You may not know it, but your sales manager knows when you are working and when you aren’t. And, she doesn’t even need to look at your activity reports, your pipeline reports, or your sales force automation.
The one sure way your sales manager knows whether or not you are working is by the volume and the quality of the problems you are running into.
As soon as you say the words “they want,” your sales manager can be confident that you are out doing your job and pursuing your dream clients. Your dream clients want to produce better results, they want modifications to what you are proposing, they want another demonstration for some members of their buying committee, or they want a reference. The list goes on and on.
Your dream clients want things.
Some of the things your dream clients want are difficult to give them. They want to modify your solution, but making those changes will require all kinds of complications with the way that you normally do things, so it’s hard to give them what they want.
Your dream client wants a reference in their segment of your market, but you don’t have a reference that looks very much like them, and you wish you had something better to give them. That complicates matters.
They want a price concession. They have told you that you are their first choice, but that one of your competitors has proposed a much lower price. Giving them a lower price is difficult to provide them because it will mean you can’t afford to implement and execute on the solution you are proposing or produce the necessary results.
When you are working hard pursuing your big deal dream clients, you are always in front of your sales manager working through how to give your dream client exactly what they want.
You need help and you need support. You need exceptions and you need adjustments.
When you are a constant and never ending source of problems that are caused by trying to get your dream clients exactly what they want, you are undoubtedly working.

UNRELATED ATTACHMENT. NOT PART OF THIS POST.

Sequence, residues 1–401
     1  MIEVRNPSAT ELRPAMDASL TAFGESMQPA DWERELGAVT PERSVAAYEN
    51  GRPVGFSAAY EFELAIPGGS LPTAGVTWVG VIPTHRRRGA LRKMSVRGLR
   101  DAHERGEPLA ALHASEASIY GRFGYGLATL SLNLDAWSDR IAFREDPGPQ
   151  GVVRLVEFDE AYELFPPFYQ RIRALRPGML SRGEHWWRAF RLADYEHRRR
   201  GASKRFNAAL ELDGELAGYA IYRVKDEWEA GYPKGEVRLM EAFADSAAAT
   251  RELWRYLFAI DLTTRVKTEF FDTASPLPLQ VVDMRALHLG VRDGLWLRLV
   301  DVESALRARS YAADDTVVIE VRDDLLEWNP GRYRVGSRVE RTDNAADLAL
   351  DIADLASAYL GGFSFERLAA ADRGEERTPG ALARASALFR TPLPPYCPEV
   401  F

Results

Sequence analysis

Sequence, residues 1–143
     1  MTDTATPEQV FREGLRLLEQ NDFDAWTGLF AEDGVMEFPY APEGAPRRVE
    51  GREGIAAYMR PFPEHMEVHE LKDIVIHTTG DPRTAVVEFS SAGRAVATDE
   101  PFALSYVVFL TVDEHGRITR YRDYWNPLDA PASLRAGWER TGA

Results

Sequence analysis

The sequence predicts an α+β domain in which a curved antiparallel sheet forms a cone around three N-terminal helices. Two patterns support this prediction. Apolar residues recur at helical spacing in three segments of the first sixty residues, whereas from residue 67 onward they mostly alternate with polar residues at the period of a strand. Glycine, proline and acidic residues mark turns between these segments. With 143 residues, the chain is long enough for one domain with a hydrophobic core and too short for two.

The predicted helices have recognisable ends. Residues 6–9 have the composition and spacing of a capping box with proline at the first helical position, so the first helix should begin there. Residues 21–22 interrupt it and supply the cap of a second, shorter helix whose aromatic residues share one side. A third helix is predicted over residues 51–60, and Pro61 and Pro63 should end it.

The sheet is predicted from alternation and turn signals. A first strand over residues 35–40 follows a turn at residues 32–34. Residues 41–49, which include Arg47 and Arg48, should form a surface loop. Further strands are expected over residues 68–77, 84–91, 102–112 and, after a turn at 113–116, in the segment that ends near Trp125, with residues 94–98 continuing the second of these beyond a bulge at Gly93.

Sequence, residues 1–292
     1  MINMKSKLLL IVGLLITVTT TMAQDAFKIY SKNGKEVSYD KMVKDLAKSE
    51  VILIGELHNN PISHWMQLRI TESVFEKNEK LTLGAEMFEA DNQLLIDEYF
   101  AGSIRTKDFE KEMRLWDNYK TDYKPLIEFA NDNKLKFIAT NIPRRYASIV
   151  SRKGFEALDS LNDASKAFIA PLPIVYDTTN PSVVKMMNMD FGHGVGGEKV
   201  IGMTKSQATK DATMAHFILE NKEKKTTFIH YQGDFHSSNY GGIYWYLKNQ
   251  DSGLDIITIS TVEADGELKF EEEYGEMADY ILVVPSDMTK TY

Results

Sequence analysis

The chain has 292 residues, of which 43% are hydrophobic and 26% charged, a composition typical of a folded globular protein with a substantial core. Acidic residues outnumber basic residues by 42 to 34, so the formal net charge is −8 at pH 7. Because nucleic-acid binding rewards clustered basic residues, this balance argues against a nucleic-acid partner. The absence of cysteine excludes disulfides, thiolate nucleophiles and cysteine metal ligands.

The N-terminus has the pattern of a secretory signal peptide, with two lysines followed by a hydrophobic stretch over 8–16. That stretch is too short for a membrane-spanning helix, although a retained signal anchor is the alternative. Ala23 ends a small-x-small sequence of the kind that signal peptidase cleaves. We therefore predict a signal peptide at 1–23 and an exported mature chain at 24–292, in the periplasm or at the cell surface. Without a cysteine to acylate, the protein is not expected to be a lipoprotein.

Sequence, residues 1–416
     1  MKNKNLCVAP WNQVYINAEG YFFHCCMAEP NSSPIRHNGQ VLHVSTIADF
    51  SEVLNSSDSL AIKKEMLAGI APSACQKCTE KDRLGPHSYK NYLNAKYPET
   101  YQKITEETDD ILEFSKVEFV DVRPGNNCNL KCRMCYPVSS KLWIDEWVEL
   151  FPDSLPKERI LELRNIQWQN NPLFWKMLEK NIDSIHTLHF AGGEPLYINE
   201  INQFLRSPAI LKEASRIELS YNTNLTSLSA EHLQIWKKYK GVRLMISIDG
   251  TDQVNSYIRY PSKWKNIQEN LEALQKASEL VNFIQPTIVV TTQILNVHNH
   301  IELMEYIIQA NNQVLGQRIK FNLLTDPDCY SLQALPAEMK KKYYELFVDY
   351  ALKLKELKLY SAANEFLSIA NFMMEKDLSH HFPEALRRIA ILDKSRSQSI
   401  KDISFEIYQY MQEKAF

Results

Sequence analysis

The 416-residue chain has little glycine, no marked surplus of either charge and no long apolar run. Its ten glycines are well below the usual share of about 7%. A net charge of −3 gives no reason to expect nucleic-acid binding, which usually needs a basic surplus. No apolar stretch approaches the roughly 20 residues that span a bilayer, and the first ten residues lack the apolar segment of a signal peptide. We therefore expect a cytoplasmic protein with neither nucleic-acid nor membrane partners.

When You Have Gone Dark
Your sales manager knows that you aren’t working when you go dark.
You may think that your sales manager assumes the best of you and your efforts. You may think that he believes that you are out working, that you are generating the activity that generates results, and that you are doing a great job. You may believe that your absence isn’t felt or noticed. But it is noticed, and what it says isn’t good.
Not hearing from you means that nobody wants anything.
When you are deeply engaged in targeting, prospecting, and nurturing your dream clients, you have lots to talk about with your sales manager. When you have nothing going on, there isn’t anything to talk about, so you go dark. You disappear. You hide.
Your disappearance is a warning sign: the future looks bleak.
Great activity and great progress means equally great challenges. Make sure your sales manager knows how hard you are working by making her work just as hard helping you with all things you need to do for your dream client.
When you are selling hard and pursuing deals, how much more time do you have to spend getting exceptions, changes, modifications, and adjustments for your dream clients?
What does it mean when you don’t need anything? What should your sales manager assume it means?
What are the activities that you need to take to generate the “they wants” that always precede won opportunities?
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Filed under: Sales 3.0